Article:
MUSING (4 HAIKU)

Out the plane window
a lake or a sea of clouds
Why does it matter?

 

during an eye blink
the butterfly spreads its wings
galaxies collapse

 

Cats curl in furred sleep
the moon crawls across the sky
a monk awakens

 

leaves cling to the trees
the rivers flow more slowly
the stone is unmoved

HARLECH CASTLE

stones speak in lost tongues
to sheep grazing by the wall
clouds gather laughing

voices of dead kings
echo off cloud shrouded hills
she whispers in dreams

a November wind
cuts deeply across the keep
distant hills crying

slash of claymore
glinting in the morning sun
bird with wings unfolded

moss encrusted stones
remember long past ages
sun smiles knowingly

distant bay waters
stare lovingly at the stones
winter wind grasps me

echoes of the pipes
reverberate in mourning
village awakens

a lone sailboat
floats aimlessly in the bay
dead kings laugh aloud

winter wind whispers
fingers touching ancient stones
laughter of a gull

her smile reaches out
across the expansive sea
King Edward approves

sheep dot the hillside
in the great castle’s shadow
slowly munching grass

ever fragile moss
dances on November winds
remembering once

RIVERS

I have never been
particularly one for rivers.
Like everyone, I’ve walked
along their shores, listened to them
gurgle under remote bridges
but otherwise never
paid them much attention.

There’s an old Buddhist saying
you can’t step into
the same river twice,
but that presupposes you
step into the river the first time.

I remember city rivers most
no banks, concrete walls from which
you cannot step
so much as fall.

Once rivers were different
they sounded different
calling out clearly
if you would only listen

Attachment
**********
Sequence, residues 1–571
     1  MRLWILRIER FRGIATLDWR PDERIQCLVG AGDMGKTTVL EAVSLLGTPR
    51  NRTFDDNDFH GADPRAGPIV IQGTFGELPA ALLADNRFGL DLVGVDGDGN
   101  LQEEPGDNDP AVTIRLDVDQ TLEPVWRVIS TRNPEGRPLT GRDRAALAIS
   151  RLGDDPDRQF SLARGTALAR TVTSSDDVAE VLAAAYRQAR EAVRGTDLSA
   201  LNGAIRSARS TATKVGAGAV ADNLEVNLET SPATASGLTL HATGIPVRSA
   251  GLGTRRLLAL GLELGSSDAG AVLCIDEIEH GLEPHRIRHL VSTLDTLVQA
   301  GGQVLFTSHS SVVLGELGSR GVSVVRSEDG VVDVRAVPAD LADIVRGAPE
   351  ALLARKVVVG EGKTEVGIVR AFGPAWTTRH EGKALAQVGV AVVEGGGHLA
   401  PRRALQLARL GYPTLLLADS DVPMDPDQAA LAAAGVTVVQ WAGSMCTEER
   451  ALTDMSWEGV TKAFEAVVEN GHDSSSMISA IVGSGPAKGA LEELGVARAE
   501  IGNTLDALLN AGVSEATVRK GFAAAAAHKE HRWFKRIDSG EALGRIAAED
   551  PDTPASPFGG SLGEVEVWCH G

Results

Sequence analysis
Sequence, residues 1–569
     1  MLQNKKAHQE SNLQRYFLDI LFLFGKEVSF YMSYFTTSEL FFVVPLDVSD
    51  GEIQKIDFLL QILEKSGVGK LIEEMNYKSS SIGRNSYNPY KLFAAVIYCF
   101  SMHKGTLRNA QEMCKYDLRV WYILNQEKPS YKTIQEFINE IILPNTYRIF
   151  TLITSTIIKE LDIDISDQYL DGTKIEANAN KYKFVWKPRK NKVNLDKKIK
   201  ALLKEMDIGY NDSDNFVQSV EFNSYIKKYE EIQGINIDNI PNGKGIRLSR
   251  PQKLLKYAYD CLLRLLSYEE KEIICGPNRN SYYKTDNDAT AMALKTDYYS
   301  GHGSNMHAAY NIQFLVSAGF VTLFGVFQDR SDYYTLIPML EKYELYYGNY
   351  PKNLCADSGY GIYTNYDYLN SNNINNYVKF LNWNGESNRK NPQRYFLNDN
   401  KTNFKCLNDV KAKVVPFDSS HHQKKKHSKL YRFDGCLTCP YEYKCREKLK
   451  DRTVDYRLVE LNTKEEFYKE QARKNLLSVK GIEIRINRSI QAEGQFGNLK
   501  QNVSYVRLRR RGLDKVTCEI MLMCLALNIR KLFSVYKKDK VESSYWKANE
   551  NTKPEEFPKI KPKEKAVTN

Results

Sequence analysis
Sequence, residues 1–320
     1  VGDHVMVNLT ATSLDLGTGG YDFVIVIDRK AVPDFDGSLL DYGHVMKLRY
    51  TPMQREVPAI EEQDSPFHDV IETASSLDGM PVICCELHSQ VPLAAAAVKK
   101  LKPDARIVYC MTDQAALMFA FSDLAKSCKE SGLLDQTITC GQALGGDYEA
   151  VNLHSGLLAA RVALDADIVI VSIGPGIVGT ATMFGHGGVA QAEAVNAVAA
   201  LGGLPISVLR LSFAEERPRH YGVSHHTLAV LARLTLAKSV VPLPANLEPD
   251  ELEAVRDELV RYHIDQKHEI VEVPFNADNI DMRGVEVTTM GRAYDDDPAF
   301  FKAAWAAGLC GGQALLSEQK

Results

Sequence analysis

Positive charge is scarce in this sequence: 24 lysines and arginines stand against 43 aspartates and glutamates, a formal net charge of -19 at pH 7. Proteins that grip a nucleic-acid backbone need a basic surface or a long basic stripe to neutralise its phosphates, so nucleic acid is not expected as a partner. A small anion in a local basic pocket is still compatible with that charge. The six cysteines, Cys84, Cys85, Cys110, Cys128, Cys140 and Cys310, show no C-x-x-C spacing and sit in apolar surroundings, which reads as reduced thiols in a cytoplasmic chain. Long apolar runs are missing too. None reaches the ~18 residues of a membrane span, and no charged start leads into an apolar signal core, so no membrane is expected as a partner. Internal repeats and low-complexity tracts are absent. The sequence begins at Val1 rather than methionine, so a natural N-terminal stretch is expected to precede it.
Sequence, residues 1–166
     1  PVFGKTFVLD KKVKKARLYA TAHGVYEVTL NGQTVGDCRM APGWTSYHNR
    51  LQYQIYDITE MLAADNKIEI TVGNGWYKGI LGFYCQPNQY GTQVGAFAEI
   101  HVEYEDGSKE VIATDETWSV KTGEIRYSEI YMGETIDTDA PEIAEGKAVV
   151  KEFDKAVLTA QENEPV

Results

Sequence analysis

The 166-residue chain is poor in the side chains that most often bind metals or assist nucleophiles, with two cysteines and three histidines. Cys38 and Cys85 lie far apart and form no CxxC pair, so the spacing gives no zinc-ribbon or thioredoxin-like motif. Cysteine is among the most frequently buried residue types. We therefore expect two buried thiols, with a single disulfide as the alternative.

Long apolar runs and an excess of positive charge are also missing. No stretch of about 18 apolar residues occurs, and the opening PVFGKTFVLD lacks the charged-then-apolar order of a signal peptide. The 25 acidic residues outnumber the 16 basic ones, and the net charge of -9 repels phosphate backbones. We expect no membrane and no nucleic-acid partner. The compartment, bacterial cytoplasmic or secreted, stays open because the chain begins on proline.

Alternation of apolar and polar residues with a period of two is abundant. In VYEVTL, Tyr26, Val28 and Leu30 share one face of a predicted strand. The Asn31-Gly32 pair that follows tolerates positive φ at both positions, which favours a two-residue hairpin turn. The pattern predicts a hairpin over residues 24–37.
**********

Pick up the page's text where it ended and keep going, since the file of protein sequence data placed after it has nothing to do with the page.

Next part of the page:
but we were all
Siddhartha then.

Rivers are borders
easily crossed, the Genesee
walking the railroad trestle over
the Upper Letchworth falls
the girls faces frozen in fear
until we stopped, mid bridge,
and looked down
at the water careening
over the rocks, carrying off
the bravado and childishness.

The Schelde, with
great ships down stream
at its receding docks
leaving only Antwerp’s
waterfront bars
where it is easy to stumble
one drink or many
on the cobbled streets, where
the ancient words muttered
in the old Synagogue
are mummified, placed
in sarcophagi of religious fervor.

The Sumida, four blocks
from Senso-ji, and the incense
burner from whose joss smoke
I rubbed my heart,
bowed before the temple
and, at the saffron robed
monks urging, wrote her name
on a thin paper copy
of the heart sutra which
he folded into a crane
and dropped from the bridge
watching it drift slowly
toward the sea.

 

The Afon Dwyfor, more creek
than river, where I sat
next to Lloyd George’s grave
outside, barely, Llanystumdwy
overlooking the churchyard
and we’d laugh
at the absurdity of it all,
he long dead, I in love
with a woman whose lips
I could taste from a single kiss
on a second date, and
the river whispering “tell her.”

SETTLING

The old, weathered maple
leans into the sun, its trunk
stroking the cobbled cottage
which sits against the foothill.
The square window peers out
over a wildflower garden
as the roof’s peakline
settles comfortably
into old age.
Walking around it I see
the back roof has collapsed
the back wall ever threatening
to return to the earth
of its mountain home.

EVE OF ENLIGHTENMENT

Cats have more in common
with snakes that we care to recognize.
She said this with a straight face.
He wanted to laugh at her, but dared not.
She didn’t take laughter kindly
when she thought it was directed at her.
He calmly asked her to explain.
It’s simple, she said, with feigned
patience, both can slither around,
are expert at hiding when they wish,
and as you have now so clearly demonstrated,
much as Adam did, both of you the hard way,
both snakes and cats are smarter
by far than your average male human.